Last Saturday, August 11, Polygon broke the story of an Amazon Marketplace seller who received a notice from Bethesda Softworks for the sale of a sealed copy of The Evil Within 2 as new, demanding that the listing be removed.  The seller, Ryan Hupp, had bought a PlayStation 4 copy of the game, though he didn’t own the platform, and never even unwrapped the game. He had planned to buy a PlayStation 4 to play the game, but in the end, he spent that money upgrading his gaming PC. Reselling used games has always been a common practice, but in a situation like this, it would make sense to resell the game as new, due to it being sealed and never played.

The notice suggested that Bethesda has been sending this notice to other sellers as well. It was sent by Bethesda’s legal firm Vorys, who made the argument that Hupp wasn’t an authorized reseller, and therefore the sale was unlawful. Although Hupp did remove the listing, he also replied to Vorys, pointing out that the resale of copyrighted product such as video games is protected in U.S. law through the First Sale Doctrine, which allows consumers to resell a copyrighted product, so long as it’s not significantly altered from its original form.

In point of fact, Vorys specializes in this practice, going as far as posting a how-to article about it on their website: “Three-Step Approach to Stopping Unauthorized Online Sales on eBay.”

Unauthorized sales of products on third-party websites like eBay is significantly impacting many businesses.

In short, we recommend a three-step program for addressing these unauthorized sellers as follows, with more details listed below.

First, a company should revise its policies, procedures and agreements to: 1) support legal claims against third-party unauthorized sellers, and 2) differentiate its products from those sold by unauthorized sellers.

Second, a company should implement a graduated enforcement system. The purpose of this system is to eliminate authorized sellers through the integration of monitoring technology, investigation, and enforcement tactics.

Third, we recommend implementing a communications strategy that: 1) demonstrates to authorized distributors that the company is protecting them (providing measureable results from the enforcement system); and 2) demonstrates that products sold by unauthorized sellers are unreliable and often do not come with certain services and benefits or do not have the quality controls that the company has established.

We spoke to video game lawyer Zachary Strebeck about the whole affair and he offered some insight.

Regarding the law: The First Sale Doctrine, which seems to be what applies here, is an exception to copyright law that allows anyone to do what they’d like with their authorized copy of a game, including sell it. Normally, a copyright owner has the exclusive right of distribution, but once that first sale has been made, their rights basically end.

There are some exceptions, of course. One, which Bethesda seems to be relying on, is that if there’s a “material difference” in the resold goods from their original sale condition, the First Sale Doctrine may not apply. The definition of “material” is basically something that a consumer would think is important when making their decision to buy the item. For example, if there’s something done to the item that voids the warranty, obviously this would be “material” in making the purchasing decision.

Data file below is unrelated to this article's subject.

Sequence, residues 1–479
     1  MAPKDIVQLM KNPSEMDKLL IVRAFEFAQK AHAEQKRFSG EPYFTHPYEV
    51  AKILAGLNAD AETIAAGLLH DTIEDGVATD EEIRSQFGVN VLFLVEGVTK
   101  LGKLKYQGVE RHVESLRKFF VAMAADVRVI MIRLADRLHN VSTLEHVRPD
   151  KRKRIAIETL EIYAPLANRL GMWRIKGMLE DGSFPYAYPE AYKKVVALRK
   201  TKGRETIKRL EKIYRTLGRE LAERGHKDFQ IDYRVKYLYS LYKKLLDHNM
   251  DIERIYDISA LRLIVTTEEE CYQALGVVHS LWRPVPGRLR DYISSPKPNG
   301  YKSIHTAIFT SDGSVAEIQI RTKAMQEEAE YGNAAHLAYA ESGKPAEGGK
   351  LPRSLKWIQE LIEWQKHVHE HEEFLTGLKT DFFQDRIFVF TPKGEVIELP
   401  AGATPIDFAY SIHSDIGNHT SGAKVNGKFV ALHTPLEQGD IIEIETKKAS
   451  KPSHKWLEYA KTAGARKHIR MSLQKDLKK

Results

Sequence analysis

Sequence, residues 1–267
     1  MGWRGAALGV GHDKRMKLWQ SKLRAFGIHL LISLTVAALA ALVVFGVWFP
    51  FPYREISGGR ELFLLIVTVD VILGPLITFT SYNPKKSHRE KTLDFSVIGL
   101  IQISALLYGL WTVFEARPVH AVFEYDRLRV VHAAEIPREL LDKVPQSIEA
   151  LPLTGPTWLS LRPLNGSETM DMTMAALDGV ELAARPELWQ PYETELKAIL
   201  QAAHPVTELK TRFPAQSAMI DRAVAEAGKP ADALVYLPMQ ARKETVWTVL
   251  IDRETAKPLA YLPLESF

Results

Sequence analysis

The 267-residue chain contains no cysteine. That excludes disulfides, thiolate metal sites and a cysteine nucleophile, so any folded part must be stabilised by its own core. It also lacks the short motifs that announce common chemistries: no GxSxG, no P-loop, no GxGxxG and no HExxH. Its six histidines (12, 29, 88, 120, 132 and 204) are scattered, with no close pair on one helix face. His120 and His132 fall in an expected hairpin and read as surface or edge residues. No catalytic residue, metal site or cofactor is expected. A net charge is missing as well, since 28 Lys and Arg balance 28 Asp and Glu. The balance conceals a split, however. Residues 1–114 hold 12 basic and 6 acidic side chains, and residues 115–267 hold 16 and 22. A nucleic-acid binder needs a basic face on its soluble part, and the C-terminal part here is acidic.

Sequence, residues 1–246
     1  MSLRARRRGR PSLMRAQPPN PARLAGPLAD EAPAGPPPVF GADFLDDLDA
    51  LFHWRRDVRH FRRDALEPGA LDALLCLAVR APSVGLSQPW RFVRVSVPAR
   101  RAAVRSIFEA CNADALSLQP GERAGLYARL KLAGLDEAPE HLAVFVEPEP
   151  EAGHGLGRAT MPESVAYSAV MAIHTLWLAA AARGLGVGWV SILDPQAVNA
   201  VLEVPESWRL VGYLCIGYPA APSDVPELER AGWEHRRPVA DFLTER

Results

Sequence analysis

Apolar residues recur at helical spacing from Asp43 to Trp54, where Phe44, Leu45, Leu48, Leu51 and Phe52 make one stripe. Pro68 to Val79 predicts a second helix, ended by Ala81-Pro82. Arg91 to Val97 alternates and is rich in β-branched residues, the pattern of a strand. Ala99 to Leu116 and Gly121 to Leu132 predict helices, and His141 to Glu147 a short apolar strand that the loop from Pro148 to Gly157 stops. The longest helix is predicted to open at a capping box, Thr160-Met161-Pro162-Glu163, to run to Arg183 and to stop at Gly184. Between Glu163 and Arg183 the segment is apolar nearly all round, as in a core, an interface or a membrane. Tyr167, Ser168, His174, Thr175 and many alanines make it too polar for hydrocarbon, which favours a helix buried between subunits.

Bethesda is saying that an item that is described as “new,” but isn’t coming directly from an authorized distributor, is a material change that would be important to consumers. Therefore, they’re arguing that it should be labeled “used,” simply because it has changed hands one time.

I think that most consumers, however, would agree that the word “new” when describing a video game simply means that it hasn’t been opened or played. As opposed to “used,” which obviously means it’s been played before, or at the very least opened up. I’ve certainly never defined “new” specifically as coming directly from the manufacturer or distributor.

Sounds like they’re trying to redefine the word “new” when it comes to games. I think that, in general, this kind of over-lawyering just generates bad press and bad blood with consumers. In my opinion, it’s not worth it  just to stop a small amount of otherwise “new” games being sold as “new.”

Robert Purchese from Eurogamer was at QuakeCon 2018 at the time and spoke to Bethesda Senior VP of Marketing and Communications Pete Hines, who argued in so many words that a product, once purchased from an authorized seller, can no longer be considered new, as there is a possibility of misconduct by the consumer, who cannot in any way be an authorized reseller.

It’s worth pointing out that the parent company to which Bethesda Softworks is a subsidiary, ZeniMax Media, has been notoriously litigious in the past few years, filing a lawsuit against Mojang in 2011 over Scrolls and strong-arming the developers of Fortress Fallout into changing the name.

Bethesda’s relationship with consumers is bound to become frayed if they keep pushing for such aggressive practices, even if they are in the right legally speaking.

What’s your take on Bethesda’s practices? Can an unwrapped game be considered used in any way? Is a strained relationship with consumers worth it to prevent resellers from selling their games as new? Let us know in the comments below!

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Richard Costa

Staff Writer

Ape meets keyboard. Hack for hire, recovering academic and RPG enthusiast who started gaming on MSX in the late 80s, then witnessed the glorious 90s on PC.